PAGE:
Although the Adhaan itself does not carry the status of Divine in the same specific way that the Qur’anic words do, its form and function is also believed to be divine in origin. In Islamic tradition, it is narrated that two close companions to the Prophet were taught the words to the Adhaan in a dream. When one of the companions described the dream to the Prophet, where a man taught him the words to the Adhaan and advised him to use these words to call the pious to prayer, the Prophet confirmed it was an angel who appeared in his dream and accepted the words of the Adhaan. In this way, the Adhaan is considered sacred, its form and function revealed by a divine angel. As an acoustic signal calling for a pious response, its original form and function has not weakened since the time of the Prophet in the Seventh Century. In fact, it has actually strengthened over time through the aid of technology. In the modern era the Adhaan is typically amplified with the use of loudspeakers, whereas before the advent of technology, the Mu’adhin needed to project his voice from atop the minaret. In this way, sound amplification technology “extended the purpose of the minaret” (Lee 1995: 86) by extending the reach of the voice of the Adhaan, enlarging the surface area of its coverage into territory which would not have previously been possible. While technology and amplification is pertinent to the discussion of the presence of the Adhaan as it is felt in the modern urban soundscape, it suffices to acknowledge here that, as technology amplifies the voice of the Adhaan, it amplifies the sentiments of its referential meanings along with it.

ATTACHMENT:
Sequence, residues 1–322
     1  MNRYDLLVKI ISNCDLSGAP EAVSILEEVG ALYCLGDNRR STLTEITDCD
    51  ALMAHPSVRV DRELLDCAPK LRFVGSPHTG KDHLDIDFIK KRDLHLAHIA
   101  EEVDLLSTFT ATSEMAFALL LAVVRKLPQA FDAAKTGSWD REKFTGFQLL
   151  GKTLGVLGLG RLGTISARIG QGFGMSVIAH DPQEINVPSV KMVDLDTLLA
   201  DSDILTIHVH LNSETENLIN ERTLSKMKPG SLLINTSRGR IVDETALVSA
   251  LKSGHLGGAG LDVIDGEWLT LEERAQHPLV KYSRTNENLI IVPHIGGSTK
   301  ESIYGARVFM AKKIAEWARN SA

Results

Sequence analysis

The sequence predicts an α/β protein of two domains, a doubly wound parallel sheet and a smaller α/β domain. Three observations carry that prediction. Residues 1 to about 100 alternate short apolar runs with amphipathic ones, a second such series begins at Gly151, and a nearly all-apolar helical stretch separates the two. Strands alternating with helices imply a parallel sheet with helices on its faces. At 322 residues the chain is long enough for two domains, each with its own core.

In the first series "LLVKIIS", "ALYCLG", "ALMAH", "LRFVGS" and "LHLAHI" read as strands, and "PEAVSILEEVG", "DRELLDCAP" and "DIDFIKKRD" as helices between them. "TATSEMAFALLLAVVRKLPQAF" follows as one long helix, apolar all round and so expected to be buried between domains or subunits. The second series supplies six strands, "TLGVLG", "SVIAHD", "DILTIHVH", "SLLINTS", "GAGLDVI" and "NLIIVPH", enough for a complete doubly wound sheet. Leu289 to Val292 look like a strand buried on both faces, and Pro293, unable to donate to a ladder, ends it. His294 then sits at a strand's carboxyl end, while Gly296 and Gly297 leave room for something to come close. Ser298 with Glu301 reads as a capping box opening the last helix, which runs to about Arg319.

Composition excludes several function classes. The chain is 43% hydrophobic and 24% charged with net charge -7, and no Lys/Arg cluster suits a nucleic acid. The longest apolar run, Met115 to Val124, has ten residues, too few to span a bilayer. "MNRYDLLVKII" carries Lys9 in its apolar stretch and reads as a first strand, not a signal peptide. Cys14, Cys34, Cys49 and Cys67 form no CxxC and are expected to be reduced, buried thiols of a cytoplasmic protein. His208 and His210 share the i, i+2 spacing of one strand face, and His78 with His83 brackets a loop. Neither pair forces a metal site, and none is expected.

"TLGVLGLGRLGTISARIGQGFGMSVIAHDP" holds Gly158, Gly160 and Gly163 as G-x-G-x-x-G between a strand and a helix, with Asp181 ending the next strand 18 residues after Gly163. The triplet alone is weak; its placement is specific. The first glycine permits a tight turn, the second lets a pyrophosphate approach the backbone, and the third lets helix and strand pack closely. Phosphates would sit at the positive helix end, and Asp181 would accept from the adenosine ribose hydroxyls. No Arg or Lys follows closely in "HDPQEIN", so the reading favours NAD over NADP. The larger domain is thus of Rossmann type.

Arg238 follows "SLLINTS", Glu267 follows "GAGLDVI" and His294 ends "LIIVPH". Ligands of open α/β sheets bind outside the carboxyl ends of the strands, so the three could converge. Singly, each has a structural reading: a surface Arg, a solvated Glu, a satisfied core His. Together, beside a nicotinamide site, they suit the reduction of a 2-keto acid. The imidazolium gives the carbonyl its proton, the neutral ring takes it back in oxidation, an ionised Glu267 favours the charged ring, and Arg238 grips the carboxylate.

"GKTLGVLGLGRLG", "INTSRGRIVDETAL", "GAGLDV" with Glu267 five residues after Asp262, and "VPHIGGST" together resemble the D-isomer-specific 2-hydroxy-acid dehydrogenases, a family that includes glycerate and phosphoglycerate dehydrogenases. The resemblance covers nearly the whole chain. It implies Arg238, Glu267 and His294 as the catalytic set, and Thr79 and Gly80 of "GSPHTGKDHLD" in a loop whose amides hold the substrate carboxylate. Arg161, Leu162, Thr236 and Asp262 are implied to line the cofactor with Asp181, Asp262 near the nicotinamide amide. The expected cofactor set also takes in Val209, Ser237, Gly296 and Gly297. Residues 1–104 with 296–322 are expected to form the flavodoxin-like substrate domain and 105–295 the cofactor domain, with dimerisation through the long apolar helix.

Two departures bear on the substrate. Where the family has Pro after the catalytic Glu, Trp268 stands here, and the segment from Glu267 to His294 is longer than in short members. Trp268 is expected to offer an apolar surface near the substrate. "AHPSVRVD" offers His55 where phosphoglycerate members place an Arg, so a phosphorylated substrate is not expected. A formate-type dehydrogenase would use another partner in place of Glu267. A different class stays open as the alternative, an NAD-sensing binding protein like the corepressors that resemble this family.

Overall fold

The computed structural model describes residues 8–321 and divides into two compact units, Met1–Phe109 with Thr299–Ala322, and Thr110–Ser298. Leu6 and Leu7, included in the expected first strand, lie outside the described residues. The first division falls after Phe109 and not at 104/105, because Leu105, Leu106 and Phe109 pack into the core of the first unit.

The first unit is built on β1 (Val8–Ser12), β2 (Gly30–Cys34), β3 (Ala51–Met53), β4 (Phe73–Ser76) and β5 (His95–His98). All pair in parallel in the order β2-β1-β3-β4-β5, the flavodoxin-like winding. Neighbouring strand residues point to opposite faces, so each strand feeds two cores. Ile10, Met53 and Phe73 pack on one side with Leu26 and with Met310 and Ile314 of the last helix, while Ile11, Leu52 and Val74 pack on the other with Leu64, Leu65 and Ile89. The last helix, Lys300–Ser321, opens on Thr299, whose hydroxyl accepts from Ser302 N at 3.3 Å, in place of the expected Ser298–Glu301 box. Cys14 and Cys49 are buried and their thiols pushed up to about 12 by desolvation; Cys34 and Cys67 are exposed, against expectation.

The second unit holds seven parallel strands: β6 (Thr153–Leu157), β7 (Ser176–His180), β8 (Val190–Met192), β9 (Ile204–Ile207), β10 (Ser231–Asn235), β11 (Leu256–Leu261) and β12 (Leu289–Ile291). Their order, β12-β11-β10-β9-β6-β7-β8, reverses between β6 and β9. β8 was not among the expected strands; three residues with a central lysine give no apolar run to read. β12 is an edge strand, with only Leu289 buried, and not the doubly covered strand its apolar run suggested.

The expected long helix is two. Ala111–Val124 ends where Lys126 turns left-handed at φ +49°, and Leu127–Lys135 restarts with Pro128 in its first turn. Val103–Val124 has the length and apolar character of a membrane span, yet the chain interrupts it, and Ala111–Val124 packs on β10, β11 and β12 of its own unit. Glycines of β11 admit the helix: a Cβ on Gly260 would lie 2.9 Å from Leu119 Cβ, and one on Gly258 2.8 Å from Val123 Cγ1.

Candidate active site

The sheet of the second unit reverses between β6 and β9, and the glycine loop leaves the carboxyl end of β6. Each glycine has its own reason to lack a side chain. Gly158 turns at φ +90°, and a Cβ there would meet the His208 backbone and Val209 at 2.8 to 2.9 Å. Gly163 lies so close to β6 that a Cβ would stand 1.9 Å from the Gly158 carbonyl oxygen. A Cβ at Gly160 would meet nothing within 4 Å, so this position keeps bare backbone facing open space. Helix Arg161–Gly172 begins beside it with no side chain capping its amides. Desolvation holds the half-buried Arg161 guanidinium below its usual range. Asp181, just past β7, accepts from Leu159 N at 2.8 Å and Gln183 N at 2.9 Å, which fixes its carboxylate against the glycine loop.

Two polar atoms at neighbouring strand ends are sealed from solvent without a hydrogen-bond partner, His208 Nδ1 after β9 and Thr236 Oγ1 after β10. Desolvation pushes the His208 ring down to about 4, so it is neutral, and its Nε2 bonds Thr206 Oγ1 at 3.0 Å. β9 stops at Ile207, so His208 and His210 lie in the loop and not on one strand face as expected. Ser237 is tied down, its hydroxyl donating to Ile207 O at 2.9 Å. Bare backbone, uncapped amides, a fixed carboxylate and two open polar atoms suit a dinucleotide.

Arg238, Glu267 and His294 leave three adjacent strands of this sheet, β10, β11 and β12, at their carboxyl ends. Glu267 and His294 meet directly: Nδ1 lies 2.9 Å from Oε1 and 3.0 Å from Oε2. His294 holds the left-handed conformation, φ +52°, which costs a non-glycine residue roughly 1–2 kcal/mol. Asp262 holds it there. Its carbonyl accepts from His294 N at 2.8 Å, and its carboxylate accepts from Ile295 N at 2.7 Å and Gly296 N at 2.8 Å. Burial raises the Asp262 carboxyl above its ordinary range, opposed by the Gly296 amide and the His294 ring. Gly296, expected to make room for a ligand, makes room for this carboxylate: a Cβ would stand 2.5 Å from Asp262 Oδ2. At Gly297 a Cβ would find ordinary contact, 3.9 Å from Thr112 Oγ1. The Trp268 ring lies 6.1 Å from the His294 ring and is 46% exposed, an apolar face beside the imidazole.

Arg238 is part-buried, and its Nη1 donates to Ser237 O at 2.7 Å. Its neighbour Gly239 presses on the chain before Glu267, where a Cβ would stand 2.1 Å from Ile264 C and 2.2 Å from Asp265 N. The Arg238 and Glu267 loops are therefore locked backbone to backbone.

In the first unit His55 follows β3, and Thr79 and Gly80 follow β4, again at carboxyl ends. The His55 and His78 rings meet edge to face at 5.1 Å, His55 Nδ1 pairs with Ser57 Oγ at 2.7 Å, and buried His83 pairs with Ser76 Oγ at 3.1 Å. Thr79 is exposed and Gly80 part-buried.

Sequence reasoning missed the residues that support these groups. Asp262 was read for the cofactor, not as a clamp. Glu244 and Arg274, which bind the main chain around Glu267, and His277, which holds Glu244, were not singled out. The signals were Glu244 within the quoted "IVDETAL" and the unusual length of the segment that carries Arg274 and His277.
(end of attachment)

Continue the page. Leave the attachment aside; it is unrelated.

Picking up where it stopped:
The Adhaan is not the only sonic object in the history of religion that has been sounded. Before the arrival of Islam to Europe and the West, the soundscape of those parts of the world would have been resonating with a different religious sound: the church bell. Given the role that the sound of the church bell played in Christian communities, it is conducive to briefly discuss it here. The bell can be regarded as carrying a voice in its sonorities, one that informed and guided any community within its range of sonority. For some, the bell does have a voice, albeit one that does not communicate in words. In his book The Soundscape, Schafer often referred to historical works of literature to get a better sense of the environmental sounds of the past, and in one such an instance he introduced a passage from Emily Carr’s journal, Hundreds and Thousands, where she described the sound of the bell through its voice: